For great teams, first-round playoff series are often exercises in tedium. See the Western Conference playoffs for proof.
Anaheim, Colorado and St. Louis amassed a staggering 339 regular-season points among them. They were the three best teams in the Western Conference in the regular season. They are an aggregate 6-0 in the playoffs.
That is what great teams do in first-round series. They put the lower seeds in 0-2 holes and make them see that the only way to survive is to beat a demonstrably better team four times in five tries, with any seventh game happening in the better team's building.
We know this because the Rangers jumped the Flyers in Game 2 of their first-round Eastern Conference playoff series, taking a 2-0 lead to the dressing room after the first period at Madison Square Garden.
Against an Anaheim, a Colorado or a St. Louis, thoughts of a comeback would have been silly.
But these are the Rangers. Other than their recent, fluky winning streak against the Flyers at MSG, nothing about the Rangers suggests greatness. They are another good, but not dominant playoff team. They have strengths and they have weaknesses, just like the Flyers.
For the next two periods, the Flyers' strengths and the Rangers' weaknesses coalesced in time to save the Flyers' season. For now.
The Flyers chiseled three gritty goals out of the second period, and the Garden crowd started making those unsettled sounds that occasionally emanate from the Wells Fargo Center fans when the Flyers struggle.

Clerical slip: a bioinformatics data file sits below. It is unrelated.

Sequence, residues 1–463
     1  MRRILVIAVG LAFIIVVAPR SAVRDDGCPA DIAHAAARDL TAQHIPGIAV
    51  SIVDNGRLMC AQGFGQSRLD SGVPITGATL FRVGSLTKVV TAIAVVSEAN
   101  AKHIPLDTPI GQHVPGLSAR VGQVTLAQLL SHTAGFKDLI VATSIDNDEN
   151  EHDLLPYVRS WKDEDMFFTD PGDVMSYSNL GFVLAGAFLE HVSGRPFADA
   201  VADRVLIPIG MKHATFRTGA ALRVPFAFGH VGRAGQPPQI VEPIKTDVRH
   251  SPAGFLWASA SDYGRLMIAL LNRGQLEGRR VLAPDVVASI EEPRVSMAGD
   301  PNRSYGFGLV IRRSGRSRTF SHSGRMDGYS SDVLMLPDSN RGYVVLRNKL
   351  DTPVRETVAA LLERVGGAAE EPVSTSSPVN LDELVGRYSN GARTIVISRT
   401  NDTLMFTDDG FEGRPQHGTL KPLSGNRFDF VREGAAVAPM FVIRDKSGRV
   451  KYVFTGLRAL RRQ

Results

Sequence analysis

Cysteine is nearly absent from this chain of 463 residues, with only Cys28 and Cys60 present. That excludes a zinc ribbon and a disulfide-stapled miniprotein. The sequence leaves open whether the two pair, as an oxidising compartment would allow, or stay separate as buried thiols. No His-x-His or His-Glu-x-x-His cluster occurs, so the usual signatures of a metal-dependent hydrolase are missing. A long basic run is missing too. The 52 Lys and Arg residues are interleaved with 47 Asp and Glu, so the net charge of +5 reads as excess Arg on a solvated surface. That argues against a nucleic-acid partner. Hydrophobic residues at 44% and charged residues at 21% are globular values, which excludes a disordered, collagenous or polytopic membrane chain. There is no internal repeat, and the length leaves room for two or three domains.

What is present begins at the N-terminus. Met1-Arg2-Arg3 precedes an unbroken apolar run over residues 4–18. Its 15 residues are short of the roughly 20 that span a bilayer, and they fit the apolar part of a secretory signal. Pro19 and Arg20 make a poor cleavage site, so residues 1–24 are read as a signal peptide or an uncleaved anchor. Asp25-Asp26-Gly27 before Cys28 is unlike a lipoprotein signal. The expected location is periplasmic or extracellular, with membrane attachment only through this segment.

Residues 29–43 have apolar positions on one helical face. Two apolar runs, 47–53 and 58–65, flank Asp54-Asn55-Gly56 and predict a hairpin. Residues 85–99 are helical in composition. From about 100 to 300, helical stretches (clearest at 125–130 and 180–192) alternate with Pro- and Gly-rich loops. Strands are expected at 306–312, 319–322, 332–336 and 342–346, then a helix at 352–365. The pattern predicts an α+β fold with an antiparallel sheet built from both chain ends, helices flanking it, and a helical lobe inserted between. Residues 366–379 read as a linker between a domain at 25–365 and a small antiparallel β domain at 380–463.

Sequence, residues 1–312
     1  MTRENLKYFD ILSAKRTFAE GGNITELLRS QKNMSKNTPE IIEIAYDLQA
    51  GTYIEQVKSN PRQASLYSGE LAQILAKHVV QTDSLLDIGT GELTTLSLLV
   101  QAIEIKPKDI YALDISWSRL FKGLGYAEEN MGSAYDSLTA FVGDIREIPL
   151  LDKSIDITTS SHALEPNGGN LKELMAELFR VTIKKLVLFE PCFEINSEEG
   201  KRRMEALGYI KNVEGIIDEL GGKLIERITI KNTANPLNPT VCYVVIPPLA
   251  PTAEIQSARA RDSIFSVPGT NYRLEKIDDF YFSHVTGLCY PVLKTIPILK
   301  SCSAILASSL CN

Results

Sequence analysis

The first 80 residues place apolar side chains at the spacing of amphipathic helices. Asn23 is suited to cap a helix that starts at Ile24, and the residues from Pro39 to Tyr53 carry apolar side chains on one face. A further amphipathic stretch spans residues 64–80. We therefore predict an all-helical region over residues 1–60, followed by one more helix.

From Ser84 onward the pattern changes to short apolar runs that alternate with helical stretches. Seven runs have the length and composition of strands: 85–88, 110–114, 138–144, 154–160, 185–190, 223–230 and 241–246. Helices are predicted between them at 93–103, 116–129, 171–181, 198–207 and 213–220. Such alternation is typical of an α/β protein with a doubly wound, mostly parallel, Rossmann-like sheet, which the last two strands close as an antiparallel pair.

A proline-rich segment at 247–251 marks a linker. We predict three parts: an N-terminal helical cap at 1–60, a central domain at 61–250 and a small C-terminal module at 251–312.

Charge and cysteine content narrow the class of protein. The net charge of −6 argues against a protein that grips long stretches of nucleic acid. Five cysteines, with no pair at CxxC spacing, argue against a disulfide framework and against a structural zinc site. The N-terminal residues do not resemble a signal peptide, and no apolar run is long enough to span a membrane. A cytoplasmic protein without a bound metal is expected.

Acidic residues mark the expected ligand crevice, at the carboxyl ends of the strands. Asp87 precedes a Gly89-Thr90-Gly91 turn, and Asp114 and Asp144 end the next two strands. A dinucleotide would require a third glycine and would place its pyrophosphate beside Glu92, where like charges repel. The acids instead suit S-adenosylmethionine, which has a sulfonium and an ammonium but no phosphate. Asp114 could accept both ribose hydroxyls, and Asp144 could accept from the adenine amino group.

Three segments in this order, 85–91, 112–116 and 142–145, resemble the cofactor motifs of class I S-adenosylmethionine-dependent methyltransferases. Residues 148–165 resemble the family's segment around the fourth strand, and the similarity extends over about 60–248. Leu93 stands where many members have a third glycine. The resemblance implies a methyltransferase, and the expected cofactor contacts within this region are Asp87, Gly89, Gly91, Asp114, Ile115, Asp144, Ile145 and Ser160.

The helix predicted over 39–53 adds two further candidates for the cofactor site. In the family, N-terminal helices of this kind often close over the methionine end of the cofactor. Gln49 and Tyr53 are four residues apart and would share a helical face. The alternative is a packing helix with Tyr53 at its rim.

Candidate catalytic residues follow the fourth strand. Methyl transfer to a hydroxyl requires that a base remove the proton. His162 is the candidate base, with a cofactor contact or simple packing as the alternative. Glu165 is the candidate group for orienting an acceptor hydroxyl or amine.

Then the Flyers buttoned up the center of the ice in the third period, outshooting the Blueshirts 8-7 and generating better scoring chances.
The crowning glory of the Flyers' third period was forechecking the Rangers into their final self-inflicted wound, a late penalty for too many men on the ice when Rangers goaltender Henrik Lundqvist aborted his attempt to come off for an extra attacker after that player had already jumped over the boards.
Even the goal that put the game away, 4-2, for the Flyers was born of an equal combination of grit, skill, iffy decision-making and luck.
With less than a minute left, Flyers forward Wayne Simmonds took the puck from his left defensive circle and, instead of flipping it to center ice or trying to clear it up the boards, carried it in front of his own net with two Rangers in close pursuit.
Simmonds managed to carry the puck out of his defensive zone and hit New York's empty net seconds later to lock up the Flyers' first win of the series.
Returning to a theme, the play Simmonds made at the end of the game was thrilling, but not the sort of play you should try against a great team in its own building.
As often as not, one of the forechecking opponents knocks the puck free and suddenly the puck and the game are up for grabs in the slot in front of your net.
These being the Flyers and the Rangers, though, Simmonds' play worked out just fine.
So the series comes to Philadelphia even at 1-1, the Rangers eschewing a chance to put the Flyers on the express train to elimination. The Flyers effectively saved their season in the last two periods of Game 2.
As long as the Flyers continue to play teams that are not demonstrably better than they are, they are apt to have several more of these "save the season" opportunities.
They will survive as long as they respond to them.